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PerlNET: An Introduction : Page 4

Perl is a language that has been around for a while and is one of the most popular open source languages among system administrators, Web developers and the research community. Meanwhile, Microsoft's .NET technology, which is comprised of a framework and set of tools, was recently released for creating sophisticated applications. Is it possible to have any connection between these two different worlds? Yes it is! Perl is now a .NET language. This is the first of a two-part series written to introduce and explore the tools and technologies that are giving Perl and .NET a new dimension.


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Building Windows GUIs Using PerlNET
Windows GUI programming is one of the key benefits of PerlNET. Though there are other technologies that exist, like TCL/TK, to produce cross-platform GUIs using Perl, getting access to the .NET Framework's GUI classes is like opening a treasure vault! ActiveState provides a product that closely integrates with Visual Studio .NET called VisualPerl. However, drag-and-drop development is still yet to be realized. The code in Listing 13 shows a simple "Hello World" application.

This code should be compiled as:

plc --target=winexe HelloWindow.pl --reference=System.Windows.Forms.dll

Figure 1 shows the Windows form that displays when running HelloWindow.exe.

Figure 1: The Windows form created by PerlNET.
Note that the program is compiled with winexe as the target. This enables the compiled executable to run in its own thread. If I was to omit this option, compile and run the resulting executable from a DOS window, the DOS window would be locked until the HelloWindow program is closed. The necessary components (System.Windows.Forms.dll in this case) are attached to the HelloWindow.exe by the reference compiler option. The attribute [STAThread] used in line 10 ensures the compiled assembly runs in a Single Apartment Thread. Lines 3 through 5 provide the required namespaces to use the .NET Framework's Windows Forms classes. Line 9 indicates to the compiler that the HelloWindow package is inheriting from the Windows Forms class.

Line 16 instantiates the HelloWindow while the next line runs it using the static method Run of the Application class. Lines 23 and 24 set the text and size attributes of the form. Note that the attributes are not referred through the blessed hash but through a reference to the object itself.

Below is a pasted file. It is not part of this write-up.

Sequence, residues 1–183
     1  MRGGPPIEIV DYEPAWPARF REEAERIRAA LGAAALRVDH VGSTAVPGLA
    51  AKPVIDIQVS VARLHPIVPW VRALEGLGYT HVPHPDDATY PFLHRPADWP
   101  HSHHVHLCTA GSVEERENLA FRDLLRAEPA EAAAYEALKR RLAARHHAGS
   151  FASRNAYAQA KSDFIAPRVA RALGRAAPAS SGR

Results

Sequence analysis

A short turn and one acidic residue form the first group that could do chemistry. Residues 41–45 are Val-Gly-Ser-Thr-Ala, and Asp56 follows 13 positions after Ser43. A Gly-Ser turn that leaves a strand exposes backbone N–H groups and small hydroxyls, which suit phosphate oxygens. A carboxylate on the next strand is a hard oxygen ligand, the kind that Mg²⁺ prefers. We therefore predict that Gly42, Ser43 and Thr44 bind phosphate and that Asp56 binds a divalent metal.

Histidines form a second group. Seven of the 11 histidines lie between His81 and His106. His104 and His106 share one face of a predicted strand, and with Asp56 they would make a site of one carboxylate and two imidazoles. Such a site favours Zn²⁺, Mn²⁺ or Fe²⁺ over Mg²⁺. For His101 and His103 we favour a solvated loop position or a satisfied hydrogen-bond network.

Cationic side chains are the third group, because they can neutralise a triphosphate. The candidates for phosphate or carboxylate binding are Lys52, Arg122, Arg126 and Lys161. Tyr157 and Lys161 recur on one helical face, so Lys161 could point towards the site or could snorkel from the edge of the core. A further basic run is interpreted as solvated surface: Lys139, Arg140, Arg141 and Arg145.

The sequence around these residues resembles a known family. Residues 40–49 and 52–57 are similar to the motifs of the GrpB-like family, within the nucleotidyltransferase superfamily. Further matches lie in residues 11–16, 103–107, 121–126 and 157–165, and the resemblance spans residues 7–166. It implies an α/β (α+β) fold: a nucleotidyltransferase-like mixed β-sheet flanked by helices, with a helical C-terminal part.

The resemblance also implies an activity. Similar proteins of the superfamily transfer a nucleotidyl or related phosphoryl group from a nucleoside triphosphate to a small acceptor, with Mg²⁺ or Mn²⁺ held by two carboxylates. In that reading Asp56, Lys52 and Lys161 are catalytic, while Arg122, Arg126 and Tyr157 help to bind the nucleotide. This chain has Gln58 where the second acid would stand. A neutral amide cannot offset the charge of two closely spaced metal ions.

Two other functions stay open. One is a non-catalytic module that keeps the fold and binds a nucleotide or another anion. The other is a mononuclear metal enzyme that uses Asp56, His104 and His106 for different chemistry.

Delegation, a key in the event-oriented GUI paradigm, is handled in PerlNET by add_ methods. These methods enable you to add your subroutines as event handlers. For example, the code for a MouseDown event would be:

=for interface . . . private void Form_MouseDown(any sender, MouseEventArgs evArgs); . . . =cut . . . sub _init { my ($this) = shift; $evtHandler = MouseEventHandler->new($this, "Forms_MouseDown"); $this->add_MouseDown($evtHandler); }

PerlNET provides an easy way to access all the properties and methods of an object without having to type the object name all the time. This is done by the with method. Using with, lines 23 and 24 could be rewritten as:



with ($this, Text=> "Simple Windows Forms", Size=> Size->new(int(300), int(200));

In this first article of a two-part series, I have demonstrated some of the powers of the Perl language. I highlighted features like economy of expressions, regular expressions, hashes, file inquiry operators and subroutines. I then explored the main agenda, which is Perl in .NET by providing a brief introduction to PerlNET and detailing how to create and consume .NET components using Perl. I then explored how to wrap existing Perl modules with a .NET assembly. Finally, I showed how to create a simple Windows program using Perl.

In the next article, I'll explore how to access databases using ADO.NET and Perl. In addition, I'll discuss how to create Web pages and Web services using Perl. Until then, happy programming!


Srinivasan Manickam has been in the IT industry for over 12 years. He has designed, developed, managed and mentored several projects, primarily under the Windows and Unix environments. His programming experience runs the gamut from Clipper to C# and from CP/M to Windows CE. Reach him at srinimanickam@india.com.
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